Ivanka Trump made $3.9 million from her investment in her father’s hotel in Washington last year, according to a disclosure released by the White House on Tuesday.
She was also paid $2 million in severance by her family’s real estate company, the Trump Organization . Together, Ivanka Trump and her husband Jared Kushner earned at least $82 million in outside income while working as unpaid senior advisers to her father, President Donald Trump.
Kushner reported at least $27 million and as much as $135 million in outstanding liabilities. Federal rules require top officials to report income, assets and liabilities in broad ranges. He reported more than $5 million in capital gains from the sale of a shopping mall in the Bronx.
The financial disclosure forms showed that trusts benefiting Kushner, Trump or their children made eight purchases of at least $9.8 million in real estate, including properties in New Jersey and New York City. The transactions occurred between March and September 2017.
Kushner reported divesting more than 125 assets, and listed several others as being in process of divestment. He also said in his filing that he would continue to recuse himself from matters involving broker-dealer, real estate and online financial services related to his holdings in Quadro Partners, which owns Cadre.com, an online platform for investing in real estate.
Private and Public The Trumps and Kushner retained their ownership in their private businesses upon entering the White House, a decision that critics say has left them open to conflicts of interest and influence by foreign countries.
The White House released financial disclosure forms for other officials, including National Security Adviser John Bolton, who reported $2.2 million in income in the year and three months before he joined the administration.
The biggest chunk of that was the $569,423 he made as a commentator on Fox News. The American Enterprise Institute, a think tank, paid Bolton $240,000 in salary, and Deutsche Bank paid him $72,000 for a speech. That did not include the amount paid to the agent who had arranged for Bolton’s appearance.
Bolton also made $115,000 for a pair of appearances at the Yalta European Strategy, or YES, conference, sponsored by the Victor Pinchuk Foundation, in September 2017 and February 2018. Pinchuk is a Ukrainian oligarch and Special Counsel Robert Mueller is examining a $150,000 payment that his foundation made to Donald Trump’s foundation for Trump to appear via video at a conference in September 2015, according to a report in the New York Times.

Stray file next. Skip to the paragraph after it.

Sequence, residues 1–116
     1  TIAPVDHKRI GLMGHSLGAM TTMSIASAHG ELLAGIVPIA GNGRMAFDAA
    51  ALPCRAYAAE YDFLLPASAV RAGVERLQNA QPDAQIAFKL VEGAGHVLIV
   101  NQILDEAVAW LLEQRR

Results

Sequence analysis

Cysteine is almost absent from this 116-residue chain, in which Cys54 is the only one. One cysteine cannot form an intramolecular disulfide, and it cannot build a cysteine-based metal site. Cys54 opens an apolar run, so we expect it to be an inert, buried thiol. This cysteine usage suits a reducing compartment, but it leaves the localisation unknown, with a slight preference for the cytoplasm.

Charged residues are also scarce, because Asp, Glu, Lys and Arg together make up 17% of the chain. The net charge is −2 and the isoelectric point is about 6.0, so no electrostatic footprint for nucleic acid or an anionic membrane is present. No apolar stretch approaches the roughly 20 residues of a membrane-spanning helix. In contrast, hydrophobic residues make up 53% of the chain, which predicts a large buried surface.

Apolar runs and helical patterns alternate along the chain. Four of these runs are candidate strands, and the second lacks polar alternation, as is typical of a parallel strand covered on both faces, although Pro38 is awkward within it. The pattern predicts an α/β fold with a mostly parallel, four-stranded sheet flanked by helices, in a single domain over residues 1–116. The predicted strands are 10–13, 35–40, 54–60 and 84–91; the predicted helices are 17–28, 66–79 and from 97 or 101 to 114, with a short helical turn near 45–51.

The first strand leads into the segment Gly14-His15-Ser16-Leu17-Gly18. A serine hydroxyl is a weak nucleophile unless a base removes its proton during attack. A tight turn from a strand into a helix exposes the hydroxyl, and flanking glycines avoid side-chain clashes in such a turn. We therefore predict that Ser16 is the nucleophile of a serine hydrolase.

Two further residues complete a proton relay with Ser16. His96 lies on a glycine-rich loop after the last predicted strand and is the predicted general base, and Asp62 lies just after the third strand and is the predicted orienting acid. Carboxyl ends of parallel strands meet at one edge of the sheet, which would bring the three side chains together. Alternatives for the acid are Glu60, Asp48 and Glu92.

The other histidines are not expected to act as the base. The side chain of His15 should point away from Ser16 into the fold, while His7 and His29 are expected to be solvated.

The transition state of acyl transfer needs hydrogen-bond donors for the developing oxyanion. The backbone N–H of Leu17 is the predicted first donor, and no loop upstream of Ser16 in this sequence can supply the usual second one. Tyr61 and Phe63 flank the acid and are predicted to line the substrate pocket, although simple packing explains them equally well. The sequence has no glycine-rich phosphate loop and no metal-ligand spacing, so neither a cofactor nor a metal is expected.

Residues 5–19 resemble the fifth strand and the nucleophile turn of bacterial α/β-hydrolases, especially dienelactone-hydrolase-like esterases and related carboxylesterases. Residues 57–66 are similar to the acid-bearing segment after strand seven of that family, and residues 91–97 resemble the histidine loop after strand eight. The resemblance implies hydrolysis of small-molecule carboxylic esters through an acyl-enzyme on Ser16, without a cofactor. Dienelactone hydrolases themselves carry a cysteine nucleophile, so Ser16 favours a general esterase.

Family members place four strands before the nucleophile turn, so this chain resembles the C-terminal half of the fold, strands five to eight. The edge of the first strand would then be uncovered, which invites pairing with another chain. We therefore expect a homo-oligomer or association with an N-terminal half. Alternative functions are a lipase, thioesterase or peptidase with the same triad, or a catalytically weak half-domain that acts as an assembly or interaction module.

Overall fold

Bolton was of counsel in the Washington office of the law firm Kirkland & Ellis LLP , but he did not list any income from the firm.
Bolton also reported at least $11.2 million in assets, most of which were held in what ethics rules call exempted investment funds that don’t have to be divested because they invest in a wide variety of securities.
— With assistance by Justin Sink, and Margaret Talev
( Updates with additional details starting in the fourth paragraph. ) LISTEN TO ARTICLE 3:01

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Congress forgetting its history of manipulating judiciary: Arun Jaitley | India News

NEW DELHI: Union minister Arun Jaitley on Sunday cited several instances of judicial appointments during Congress-ruled governments where attempts were made to influence the Supreme Court to argue that the opposition protests over recent controversies were misplaced.
Writing in the context of the Centre’s decision to return the Supreme Court collegium’s recommendation to elevate Uttarakhand high court chief justice K M Joseph to the apex court, Jaitley said it was not out of line with procedure. Congress, he said, had forgotten how it had sought to prevent the SC from making fundamental rights above any dilution through Parliament majorities it enjoyed.
Jaitley referred to an instance during Indira Gandhi’s tenure as PM and said, “An important turn in the judicial appointments history was the decision of the Prime Minister to appoint ideologically committed law ministers so that judicial appointments could be influenced by the social and political philosophy of the judge,” he said.
Citing the famous Kesavananda Bharati case, Jaitley recalled how the government of the day tried to subvert the independence of judiciary and gain power to tweak even the basic tenets of the Constitution with the help of the Parliament.
It was a landmark decision of the Supreme Court that outlined the “basic structure doctrine” of the Constitution, which cannot be tampered with.
Referring to T R Andhyarjuna’s book — The Kesavananda Bharati Case: the Untold Story of Struggle for Supremacy by Supreme Court and Parliament— he recounted how the government tried various “tricks to delay the hearing” so that the then Chief Justice S M Sikri retires and government retains the right to amend the Constitution even with regard to fundamental rights.